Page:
Thinking about this further, I find it interesting to contrast the experience between places that have prices listed out and places that don’t. In the majority of the cases, I find that for places with prices listed out, it feels like a transaction. Sure, the stylist is nice, they engage in conversations with you, maybe even give you a bit of a massage as you step out of the chair but it feels mundane compared to places where they really pamper you with hair washes, scalp massages, hair products and fancy bibs (one place I went to had a see through bib so that you could see your phone on your lap as you were getting your hair cut). I suppose it’s a similar comparison to fast food restaurants or chains and high end dining restaurants that may not give the prices of certain items on the menu.

I’m not sure if there is an equivalent in management consulting – I do know that the work involved in winning a small piece of work is significantly less than winning a larger piece of work though and many firms will try to undercut each other on price in order to win work with long tails at the very end. I also know that the firms will, for some projects, hold steady on their pricing because they are absolutely sure that their expertise and bid is the very best – in those cases when the firm wins the work after holding on their pricing, the project team is under significantly less pressure to ‘ghost’ hours (i.e., work a lot more hours than they bill) or to manage the budget very closely – in short, the project team is not as stressed about small things.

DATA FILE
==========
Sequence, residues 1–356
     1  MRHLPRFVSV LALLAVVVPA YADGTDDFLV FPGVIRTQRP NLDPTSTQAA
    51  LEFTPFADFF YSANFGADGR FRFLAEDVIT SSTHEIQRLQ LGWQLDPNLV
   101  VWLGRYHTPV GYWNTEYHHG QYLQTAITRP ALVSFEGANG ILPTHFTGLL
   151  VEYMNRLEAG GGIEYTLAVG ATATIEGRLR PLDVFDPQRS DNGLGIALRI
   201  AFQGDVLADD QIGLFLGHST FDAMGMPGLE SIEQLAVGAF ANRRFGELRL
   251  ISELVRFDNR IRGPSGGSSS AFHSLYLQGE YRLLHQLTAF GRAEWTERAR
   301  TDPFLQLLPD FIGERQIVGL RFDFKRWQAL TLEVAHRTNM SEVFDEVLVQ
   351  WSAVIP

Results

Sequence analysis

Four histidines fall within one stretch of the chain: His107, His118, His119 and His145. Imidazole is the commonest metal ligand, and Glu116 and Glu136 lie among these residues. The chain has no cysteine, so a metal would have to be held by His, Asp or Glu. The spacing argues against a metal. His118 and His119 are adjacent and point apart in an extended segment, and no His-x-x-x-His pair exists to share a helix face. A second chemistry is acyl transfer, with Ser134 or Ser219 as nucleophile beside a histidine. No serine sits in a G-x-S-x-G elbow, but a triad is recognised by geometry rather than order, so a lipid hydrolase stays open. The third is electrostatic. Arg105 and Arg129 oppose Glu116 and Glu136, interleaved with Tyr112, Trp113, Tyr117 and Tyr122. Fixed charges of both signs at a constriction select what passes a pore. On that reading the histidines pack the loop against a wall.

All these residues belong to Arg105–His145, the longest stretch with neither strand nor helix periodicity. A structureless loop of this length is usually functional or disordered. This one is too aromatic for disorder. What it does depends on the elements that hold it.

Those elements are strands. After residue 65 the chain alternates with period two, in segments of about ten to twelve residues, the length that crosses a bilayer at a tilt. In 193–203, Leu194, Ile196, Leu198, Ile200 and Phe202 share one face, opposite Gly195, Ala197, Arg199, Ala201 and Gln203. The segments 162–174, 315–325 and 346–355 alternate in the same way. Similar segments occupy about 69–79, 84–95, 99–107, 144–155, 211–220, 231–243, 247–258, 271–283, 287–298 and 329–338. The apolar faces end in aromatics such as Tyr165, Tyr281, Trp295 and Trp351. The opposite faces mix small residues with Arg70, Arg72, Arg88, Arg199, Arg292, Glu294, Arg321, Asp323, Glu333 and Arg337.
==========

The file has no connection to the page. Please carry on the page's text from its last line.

Overall, getting my hair cut is a fascinating experience and while it may be mostly a transaction for me, I try to learn something from everything that I do and apply that to the things that I know in my life.